Don’t drink like children; try Negroni


By Scott Greenberg

We all drink like children. Even I do. It’s your first time away from home. You have the freedom of living in a really tiny room with a stranger of questionable hygiene and morals. Nothing can stop you. Take life by the oyster and shake it — or something like that.

Inevitably you’re going to mix a shot of vodka and roughly a gallon of fruit liquid stuff and think “Hey, this makes me feel good. I can talk to people about stuff other than YouTube. I’m going to have roughly 15 of these.”

If you want to play a little game called “Which one’s my vomit, and which one’s my cellphone?” have a blast. I certainly won’t stop you. Mostly because you’re covered in vomit. But I want you to know, you should know, that what you’re doing isn’t drinking. It seems like it is because it certainly has all the parts of drinking. You have a drink, it has alcohol in it, etc. But you’re not drinking. What you’re doing is having juice with a fun, tingly side-effect. Even if you have 400 of them, that ain’t drinking.

Drinking is something with history. Drinking is what happens when Vikings with unpronounceable names would forage for days in a forest to ferment something in a barrel that used to hold nothing but human heads. Do you think those Vikings spent all that time in a forest filled with wolves and other murdering things so they could demolish the taste of that beautiful stuff with a liter of coke and shove it in a Styrofoam cup from Denny’s? If you answered “No, they most certainly did not” you’re right.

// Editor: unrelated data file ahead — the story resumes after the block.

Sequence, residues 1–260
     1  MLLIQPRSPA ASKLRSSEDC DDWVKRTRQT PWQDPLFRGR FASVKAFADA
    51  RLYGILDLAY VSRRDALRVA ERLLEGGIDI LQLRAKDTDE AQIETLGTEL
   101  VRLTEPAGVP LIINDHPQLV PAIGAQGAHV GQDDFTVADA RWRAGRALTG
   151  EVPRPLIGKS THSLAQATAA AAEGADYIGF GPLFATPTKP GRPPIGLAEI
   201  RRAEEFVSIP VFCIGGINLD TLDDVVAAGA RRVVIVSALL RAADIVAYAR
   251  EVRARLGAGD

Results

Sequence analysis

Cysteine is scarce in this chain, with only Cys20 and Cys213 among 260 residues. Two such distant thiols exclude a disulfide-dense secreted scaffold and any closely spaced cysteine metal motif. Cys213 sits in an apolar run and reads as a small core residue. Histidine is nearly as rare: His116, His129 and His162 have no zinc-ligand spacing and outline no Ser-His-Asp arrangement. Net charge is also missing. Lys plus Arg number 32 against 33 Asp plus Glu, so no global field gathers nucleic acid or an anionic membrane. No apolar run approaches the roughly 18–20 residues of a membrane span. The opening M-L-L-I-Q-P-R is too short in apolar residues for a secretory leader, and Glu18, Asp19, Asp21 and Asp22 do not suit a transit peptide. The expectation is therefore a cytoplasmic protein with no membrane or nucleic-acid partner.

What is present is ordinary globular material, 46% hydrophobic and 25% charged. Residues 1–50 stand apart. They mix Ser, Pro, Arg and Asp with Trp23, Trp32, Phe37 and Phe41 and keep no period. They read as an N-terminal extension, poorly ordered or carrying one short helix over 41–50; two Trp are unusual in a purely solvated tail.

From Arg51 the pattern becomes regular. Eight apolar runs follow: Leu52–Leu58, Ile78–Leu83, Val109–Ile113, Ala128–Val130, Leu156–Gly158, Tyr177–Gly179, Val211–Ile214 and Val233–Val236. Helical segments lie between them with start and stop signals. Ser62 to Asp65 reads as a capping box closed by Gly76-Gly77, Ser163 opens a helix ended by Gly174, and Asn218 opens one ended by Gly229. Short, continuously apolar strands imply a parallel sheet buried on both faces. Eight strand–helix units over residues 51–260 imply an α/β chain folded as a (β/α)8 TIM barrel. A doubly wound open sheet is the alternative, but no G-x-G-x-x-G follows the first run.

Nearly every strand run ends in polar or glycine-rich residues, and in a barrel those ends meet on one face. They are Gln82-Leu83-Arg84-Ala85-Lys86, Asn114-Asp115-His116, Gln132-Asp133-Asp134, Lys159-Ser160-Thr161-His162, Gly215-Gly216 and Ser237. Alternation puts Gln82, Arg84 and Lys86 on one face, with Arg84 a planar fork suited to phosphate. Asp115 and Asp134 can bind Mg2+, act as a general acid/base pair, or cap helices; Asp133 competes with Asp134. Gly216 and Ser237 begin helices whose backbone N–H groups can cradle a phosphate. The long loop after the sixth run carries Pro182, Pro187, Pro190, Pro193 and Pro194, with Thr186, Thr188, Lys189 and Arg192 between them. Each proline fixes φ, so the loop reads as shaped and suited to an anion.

That’s the moral of this whole story: if you’re going to drink, put down the sugary bullshit and drink. Taste what you’re drinking — taste every part of it, and make something that tastes good. Don’t make something that “totally doesn’t taste like alcohol.” Take your juices and sodas, and go the hell back to kindergarten. Sounds like you could use a nap anyway.

Here’s an example of something you can drink as a fully-functional adult: the Negroni. Drinks are always better when they’re named after royalty, people.

All you need is one part gin, one part Campari and one part sweet vermouth. For those of you scared and/or confused by this talk of parts, you need equal parts of those three ingredients. That’s all it is. It could be an ounce, it could be a quart; just make sure they’re all equal. Stir them together, put it in a rocks glass with ice, and drink. That’s all there is to it.